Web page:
Amazon's just filed a number of patents that point to the inevitable but perhaps undesirable expansion of advertising onto its much-vaunted Kindle e-reader. If it happens, would you tolerate in-book or in-magazine embedded ads?
The patents are titled "On-Demand Generating E-Book Content with Advertising" and "Incorporating Advertising in On-Demand Generated Content," and they're designed in part to tackle that irritating little problem that "out of print or rare books ... typically do not include advertisements" and their content is thus fixed, and not at all "adapted to modern marketing." I don't know about you, but I don't recall seeing any advertising in books now, other than fluff for other publications by the same author, so Amazon's words confuse me.
What the patents set out is that downloaded text content for the Kindle could be spotted with contextually-sensitive advertisements: Mention of a restaurant on a particular page could result in a dynamic-embed for a nearby restaurant to the user on the opposing page. It kind of makes sense as a more dynamic version of the way typical magazines work--after all, when you buy an interior decor magazine, you expect to find ads for furniture or sleek kitchen equipment, not for the latest computer games. And, since the Kindle is beginning to host blog content as well, this scheme begins to look like Amazon's version of Google AdSense.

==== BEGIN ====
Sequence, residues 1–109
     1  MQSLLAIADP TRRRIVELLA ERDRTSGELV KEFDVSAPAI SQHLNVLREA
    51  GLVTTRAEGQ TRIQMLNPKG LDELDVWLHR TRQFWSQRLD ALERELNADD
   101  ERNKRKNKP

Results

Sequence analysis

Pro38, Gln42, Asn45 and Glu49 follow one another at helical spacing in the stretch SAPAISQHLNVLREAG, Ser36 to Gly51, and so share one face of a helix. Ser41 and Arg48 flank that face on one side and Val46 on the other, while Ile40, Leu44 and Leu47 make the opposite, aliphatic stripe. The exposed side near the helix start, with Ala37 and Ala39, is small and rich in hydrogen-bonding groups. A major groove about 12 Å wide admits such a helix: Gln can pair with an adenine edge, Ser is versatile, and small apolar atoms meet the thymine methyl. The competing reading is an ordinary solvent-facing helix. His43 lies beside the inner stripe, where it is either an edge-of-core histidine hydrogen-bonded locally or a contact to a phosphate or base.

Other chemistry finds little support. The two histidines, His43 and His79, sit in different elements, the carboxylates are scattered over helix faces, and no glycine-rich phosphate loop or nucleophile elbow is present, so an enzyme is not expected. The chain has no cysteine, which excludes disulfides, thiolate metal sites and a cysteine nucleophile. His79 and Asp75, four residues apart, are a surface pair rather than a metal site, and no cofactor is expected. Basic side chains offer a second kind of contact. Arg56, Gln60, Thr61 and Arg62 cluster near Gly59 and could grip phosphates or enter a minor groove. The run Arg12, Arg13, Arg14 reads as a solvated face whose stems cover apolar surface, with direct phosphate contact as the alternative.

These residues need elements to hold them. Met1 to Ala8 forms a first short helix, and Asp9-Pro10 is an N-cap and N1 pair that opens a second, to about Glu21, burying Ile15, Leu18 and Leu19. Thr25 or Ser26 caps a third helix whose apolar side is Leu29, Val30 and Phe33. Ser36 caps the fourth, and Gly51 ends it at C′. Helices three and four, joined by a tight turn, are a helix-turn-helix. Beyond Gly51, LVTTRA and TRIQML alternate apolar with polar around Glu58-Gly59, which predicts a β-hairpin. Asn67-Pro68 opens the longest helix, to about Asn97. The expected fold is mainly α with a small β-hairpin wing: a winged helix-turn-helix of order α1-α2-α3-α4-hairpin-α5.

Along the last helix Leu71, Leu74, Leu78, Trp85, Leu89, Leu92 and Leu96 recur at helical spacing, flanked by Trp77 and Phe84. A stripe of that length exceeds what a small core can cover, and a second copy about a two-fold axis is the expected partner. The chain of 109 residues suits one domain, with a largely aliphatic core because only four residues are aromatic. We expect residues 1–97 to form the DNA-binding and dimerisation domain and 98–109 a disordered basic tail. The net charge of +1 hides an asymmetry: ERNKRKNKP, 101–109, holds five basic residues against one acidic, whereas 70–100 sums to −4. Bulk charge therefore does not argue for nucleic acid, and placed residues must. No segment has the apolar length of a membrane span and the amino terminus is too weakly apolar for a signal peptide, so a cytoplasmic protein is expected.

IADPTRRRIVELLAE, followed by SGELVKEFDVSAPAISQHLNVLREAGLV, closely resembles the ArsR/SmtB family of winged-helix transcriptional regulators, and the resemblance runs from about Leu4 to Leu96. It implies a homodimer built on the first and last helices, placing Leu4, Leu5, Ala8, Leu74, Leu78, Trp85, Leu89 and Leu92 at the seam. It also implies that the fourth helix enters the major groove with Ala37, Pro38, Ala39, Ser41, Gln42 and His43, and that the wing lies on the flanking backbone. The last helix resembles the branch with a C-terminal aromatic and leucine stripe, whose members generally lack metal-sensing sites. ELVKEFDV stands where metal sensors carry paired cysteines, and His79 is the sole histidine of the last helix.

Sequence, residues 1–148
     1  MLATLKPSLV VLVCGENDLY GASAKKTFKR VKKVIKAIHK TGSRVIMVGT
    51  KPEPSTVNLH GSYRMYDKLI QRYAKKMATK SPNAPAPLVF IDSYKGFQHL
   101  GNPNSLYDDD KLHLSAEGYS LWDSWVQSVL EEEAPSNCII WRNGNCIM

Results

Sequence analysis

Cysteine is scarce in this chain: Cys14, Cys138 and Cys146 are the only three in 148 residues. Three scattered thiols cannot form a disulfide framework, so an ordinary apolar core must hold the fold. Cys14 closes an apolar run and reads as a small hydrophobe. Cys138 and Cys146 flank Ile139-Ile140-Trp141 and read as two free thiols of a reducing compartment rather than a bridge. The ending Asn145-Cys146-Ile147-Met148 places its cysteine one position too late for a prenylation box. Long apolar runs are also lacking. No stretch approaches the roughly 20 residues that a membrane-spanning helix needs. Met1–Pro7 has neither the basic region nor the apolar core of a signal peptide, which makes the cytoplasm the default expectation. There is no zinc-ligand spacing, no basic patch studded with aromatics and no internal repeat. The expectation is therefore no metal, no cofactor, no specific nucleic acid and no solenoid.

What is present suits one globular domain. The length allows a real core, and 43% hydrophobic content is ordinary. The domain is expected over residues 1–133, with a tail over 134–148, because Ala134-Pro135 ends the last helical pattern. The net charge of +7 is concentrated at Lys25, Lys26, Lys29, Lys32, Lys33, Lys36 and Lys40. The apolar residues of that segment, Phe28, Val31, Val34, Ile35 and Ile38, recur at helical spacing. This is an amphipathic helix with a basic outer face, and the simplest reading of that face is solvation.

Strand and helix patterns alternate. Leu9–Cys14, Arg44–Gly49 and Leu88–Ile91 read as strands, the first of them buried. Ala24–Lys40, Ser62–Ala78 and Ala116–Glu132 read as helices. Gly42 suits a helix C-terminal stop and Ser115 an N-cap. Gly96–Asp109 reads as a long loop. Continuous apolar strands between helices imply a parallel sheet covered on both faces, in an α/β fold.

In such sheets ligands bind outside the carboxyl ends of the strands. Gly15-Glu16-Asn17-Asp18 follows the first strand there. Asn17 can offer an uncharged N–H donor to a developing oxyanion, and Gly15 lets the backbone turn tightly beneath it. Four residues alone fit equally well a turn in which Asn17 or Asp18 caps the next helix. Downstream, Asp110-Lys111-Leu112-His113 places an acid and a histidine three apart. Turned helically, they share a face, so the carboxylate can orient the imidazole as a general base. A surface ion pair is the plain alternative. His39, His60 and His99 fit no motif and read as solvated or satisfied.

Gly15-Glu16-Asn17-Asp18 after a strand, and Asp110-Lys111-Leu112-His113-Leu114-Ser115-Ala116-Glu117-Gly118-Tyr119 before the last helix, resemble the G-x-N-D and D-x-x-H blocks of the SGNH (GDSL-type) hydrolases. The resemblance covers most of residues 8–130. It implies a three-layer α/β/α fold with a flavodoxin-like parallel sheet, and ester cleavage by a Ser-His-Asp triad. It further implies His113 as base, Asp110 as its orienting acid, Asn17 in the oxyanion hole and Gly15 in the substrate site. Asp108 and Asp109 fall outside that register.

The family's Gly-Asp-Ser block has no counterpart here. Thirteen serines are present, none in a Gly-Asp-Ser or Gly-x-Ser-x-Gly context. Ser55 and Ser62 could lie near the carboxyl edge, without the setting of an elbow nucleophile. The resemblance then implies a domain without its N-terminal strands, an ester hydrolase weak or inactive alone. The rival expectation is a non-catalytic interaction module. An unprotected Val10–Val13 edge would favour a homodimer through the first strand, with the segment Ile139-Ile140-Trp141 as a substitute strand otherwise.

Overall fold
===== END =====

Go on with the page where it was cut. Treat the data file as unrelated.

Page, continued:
But it's the possible extension of this idea to book texts that gets uncomfortable. Would you be happy reading a copy of The Hobbit, only to find an embedded ad for pedicure treatments on certain pages? The framework for this to happen isn't clear from the patent, though it would be reasonable to expect Amazon to start by offering the ads in books with discounted prices. Or the ads could appear in texts by self-published authors who need to fund their work but don't have the backing of a traditional publisher. That would be a sensible way for Amazon to get the public accepting the idea, and it would be a great sales hook for Amazon to entice advertisers into the scheme in the first place.
But it's also easy to imagine Amazon extending the program by requiring you to pay extra for a title in order to opt-out of embedded ads. Although that's not implicit in the patent, its almost intimated by the type of marketingspeak Amazon's using, and the fact that it's just another company eager to get its hands on your spending money. Let's hope it never happens...but the patent does make one thing clear: Advertising is going to expand into another corner of our future-tech world.